(10 am. – promoted by ek hornbeck)
Torture is a war crime. Water boarding is torture. If you advocate, authorize or perform it on another person, you are breaking not just US law but international law. Period. The President and the DOJ are obligated by law to investigate and prosecute war crimes. Under the law if they do not, they, themselves are complicit. There are no excuses.
Sen. John McCain (R-AZ), who was tortured while a POW in Viet Nam, wrote an editorial in the Washington Post rejecting and chastising those who were making the claim that torture, specifically water boarding, was instrumental in finding Osama bin Laden. He then appeared on the Senate floor ans spoke for 20 minutes.
Former attorney general Michael Mukasey recently claimed that “the intelligence that led to bin Laden . . . began with a disclosure from Khalid Sheik Mohammed , who broke like dam under the pressure of harsh interrogation techniques that included water boarding. He loosed a torrent of information – including the nickname of a trusted courier of bin Laden.” That is false.
I asked CIA Director Leon Panetta for the facts, and he told me the following: The trail to bin Laden did not begin with Khalid Sheik Mohammed, who was water boarded 183 times. The first mention of Abu Ahmed al-Kuwaiti, the nickname of the al-Qaeda courier who ultimately led to bin Laden, as well as a description of him as an important member of al-Qaeda, came from a detainee who was held in another country, who we believe was not tortured. None of the three detainees who were water boarded provided Abu Ahmed’s real name, his whereabouts or an accurate description of his role in al-Qaeda.
Law professor Jonathan Turley appeared on MSNBC’s The Ed Show and addressed this on his blog
Last night on The Ed Show, I discussed the amazing speech and column by Senator John McCain on torture. One of the most notable aspects of the comments was McCain stating that the claim by former Attorney General Michael Mukasey that torture led to the location of Bin Laden is simply untrue and confirmed as false by CIA Director Leon Panetta.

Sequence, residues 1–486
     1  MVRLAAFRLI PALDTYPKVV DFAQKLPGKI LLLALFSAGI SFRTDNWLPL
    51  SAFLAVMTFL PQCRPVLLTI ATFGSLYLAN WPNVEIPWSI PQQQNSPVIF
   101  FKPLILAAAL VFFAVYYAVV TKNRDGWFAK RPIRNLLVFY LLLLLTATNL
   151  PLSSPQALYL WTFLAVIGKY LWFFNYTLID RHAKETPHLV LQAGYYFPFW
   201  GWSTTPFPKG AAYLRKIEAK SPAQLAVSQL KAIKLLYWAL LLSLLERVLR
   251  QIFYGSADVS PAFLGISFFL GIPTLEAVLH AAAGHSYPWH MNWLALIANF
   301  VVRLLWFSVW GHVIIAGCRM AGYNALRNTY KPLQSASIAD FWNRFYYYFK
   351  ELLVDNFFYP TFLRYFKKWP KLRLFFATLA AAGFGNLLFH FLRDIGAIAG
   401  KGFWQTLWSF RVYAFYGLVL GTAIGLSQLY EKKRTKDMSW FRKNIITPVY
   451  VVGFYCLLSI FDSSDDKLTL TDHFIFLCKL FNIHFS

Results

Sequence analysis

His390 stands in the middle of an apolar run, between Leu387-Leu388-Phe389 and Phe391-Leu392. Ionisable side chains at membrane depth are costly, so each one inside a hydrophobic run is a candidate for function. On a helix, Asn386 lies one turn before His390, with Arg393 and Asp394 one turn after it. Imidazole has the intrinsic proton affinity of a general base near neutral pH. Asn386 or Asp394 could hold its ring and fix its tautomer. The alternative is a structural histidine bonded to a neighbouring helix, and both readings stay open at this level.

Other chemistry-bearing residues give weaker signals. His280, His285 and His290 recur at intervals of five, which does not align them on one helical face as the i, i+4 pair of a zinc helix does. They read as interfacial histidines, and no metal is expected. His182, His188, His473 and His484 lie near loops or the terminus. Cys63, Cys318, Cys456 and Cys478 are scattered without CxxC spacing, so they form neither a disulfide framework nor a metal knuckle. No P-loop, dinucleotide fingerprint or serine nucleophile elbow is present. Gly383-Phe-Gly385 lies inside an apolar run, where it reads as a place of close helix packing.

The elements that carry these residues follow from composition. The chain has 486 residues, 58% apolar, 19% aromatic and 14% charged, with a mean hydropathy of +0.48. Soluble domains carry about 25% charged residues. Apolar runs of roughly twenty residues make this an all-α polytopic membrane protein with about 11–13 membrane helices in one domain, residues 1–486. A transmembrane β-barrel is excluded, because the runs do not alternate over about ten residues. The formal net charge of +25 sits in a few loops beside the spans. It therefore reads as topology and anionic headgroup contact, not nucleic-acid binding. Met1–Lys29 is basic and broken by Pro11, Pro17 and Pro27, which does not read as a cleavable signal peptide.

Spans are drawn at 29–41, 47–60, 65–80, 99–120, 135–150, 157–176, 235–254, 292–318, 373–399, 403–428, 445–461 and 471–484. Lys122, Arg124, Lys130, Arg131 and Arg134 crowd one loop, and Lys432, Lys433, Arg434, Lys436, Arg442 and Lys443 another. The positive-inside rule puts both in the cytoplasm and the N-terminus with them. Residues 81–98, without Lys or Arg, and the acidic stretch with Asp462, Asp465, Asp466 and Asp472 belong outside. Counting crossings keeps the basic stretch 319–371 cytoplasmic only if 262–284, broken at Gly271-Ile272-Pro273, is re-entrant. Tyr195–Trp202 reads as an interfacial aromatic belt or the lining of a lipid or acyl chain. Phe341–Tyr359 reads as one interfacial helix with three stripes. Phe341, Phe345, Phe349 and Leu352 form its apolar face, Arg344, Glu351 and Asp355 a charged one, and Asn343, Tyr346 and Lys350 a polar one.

As did Ron Paul in the recent Republican debate, John McCain confronted his colleagues over the effort to redeem torture by claiming that it was beneficial in this case. As he correctly notes, torture is a war crime not because it lacks any benefit in terms of intelligence but because it is immoral . . . . .
To the contrary, McCain points out that the torture of Khalid Sheik Mohammed resulted in demonstrably “false and misleading information.”
Where I part with McCain is his insistence that, despite it being torture (and thus a war crime), no one should ever be punished for the crimes. It is important to stand for principle but it is even more important to bear the responsibility that comes with principle. It may not be popular or convenient, but we are obligated to investigate and prosecute torture.
Glenn Greenwald is an absolute must read on the Nuremberg Principles:
Benjamin Ferencz is a 92-year-old naturalized U.S. citizen, American combat soldier during World War II, and a prosecutor at the Nuremberg Trials, where he prosecuted numerous Nazi war criminals, including some responsible for the deaths of upward of 100,000 innocent people. He gave a fascinating (and shockingly articulate) 13-minute interview yesterday to the CBC in Canada about the bin Laden killing, the Nuremberg principles, and the U.S. role in the world. Without endorsing everything he said, I hope as many people as possible will listen to it.
Former Attorney General Michael Mukasey then lamely attempted to rebut McCain through an op-ed by former Cheney speech writer, Marc A Thiessen. It does not change the fact that Mukasey, Gonzalez, Bybee, Yoo, et al and now, Holder, have excused, covered up and defended war crimes, thus making them all eligible for cells at the Hague.